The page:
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Thought Disorders in Parents of Psychotic Children A Function of Test Anxiety

Eric Schopler, PhD; Julie Loftin, BA
Arch Gen Psychiatry. 1969;20(2):174-181. doi:10.1001/archpsyc.1969.01740140046005.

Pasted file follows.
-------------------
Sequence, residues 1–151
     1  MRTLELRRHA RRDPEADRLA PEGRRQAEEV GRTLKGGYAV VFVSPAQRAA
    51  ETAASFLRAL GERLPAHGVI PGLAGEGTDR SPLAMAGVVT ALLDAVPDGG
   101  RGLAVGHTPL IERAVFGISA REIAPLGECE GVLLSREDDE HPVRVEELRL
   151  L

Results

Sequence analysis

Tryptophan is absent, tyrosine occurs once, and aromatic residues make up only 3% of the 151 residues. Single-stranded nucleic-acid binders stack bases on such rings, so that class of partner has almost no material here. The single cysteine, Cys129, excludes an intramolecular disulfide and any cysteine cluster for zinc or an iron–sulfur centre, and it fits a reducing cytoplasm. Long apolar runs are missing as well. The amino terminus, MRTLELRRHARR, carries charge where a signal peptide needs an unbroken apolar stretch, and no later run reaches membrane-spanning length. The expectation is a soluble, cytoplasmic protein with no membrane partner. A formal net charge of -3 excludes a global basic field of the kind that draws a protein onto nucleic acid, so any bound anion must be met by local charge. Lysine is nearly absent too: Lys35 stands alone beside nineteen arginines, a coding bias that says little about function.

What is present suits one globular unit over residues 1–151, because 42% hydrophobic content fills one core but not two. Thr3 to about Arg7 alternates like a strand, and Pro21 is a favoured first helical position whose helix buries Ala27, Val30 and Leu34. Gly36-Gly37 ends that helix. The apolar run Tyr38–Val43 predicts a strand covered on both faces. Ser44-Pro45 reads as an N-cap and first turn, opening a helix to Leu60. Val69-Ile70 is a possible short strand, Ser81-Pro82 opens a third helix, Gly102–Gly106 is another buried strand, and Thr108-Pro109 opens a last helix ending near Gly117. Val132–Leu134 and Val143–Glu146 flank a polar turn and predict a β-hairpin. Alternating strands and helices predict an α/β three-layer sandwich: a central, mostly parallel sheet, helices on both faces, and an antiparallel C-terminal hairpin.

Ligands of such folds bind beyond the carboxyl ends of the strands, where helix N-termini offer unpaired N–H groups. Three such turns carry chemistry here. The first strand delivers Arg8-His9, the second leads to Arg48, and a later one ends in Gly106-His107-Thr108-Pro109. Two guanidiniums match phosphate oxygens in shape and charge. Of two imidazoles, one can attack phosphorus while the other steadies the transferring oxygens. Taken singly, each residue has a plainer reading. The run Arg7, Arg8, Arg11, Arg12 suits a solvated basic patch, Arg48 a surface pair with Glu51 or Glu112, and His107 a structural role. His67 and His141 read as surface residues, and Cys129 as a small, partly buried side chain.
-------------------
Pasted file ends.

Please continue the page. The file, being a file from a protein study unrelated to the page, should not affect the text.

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IMPAIRED thinking in parents of schizophrenic or psychotic patients has long been a focus of interest for clinicians. The ideas, emotional expressions, and personalities of such parents have often been described in intriguing parallels to their psychotic offspring. Parents' aberrant thinking was found to be linked to the thought structure found in their schizophrenic offspring.1-2 Parents of autistic children were found to interfere with the very beginnings of any tender or nurturant relationship with their children.3 These parents were characterized as schizophrenogenic or "refrigerator parents"4 who characterologically impaired their child's development. Some of these investigators recognized that disturbed family relationships may also be fostered by the influence of the disturbed offspring on the family. It is clear, however, that according to psychodynamic theories of schizophrenia, parental attitudes are considered primary in the child's development of psychosis and schizophrenia. In recent years parental cries


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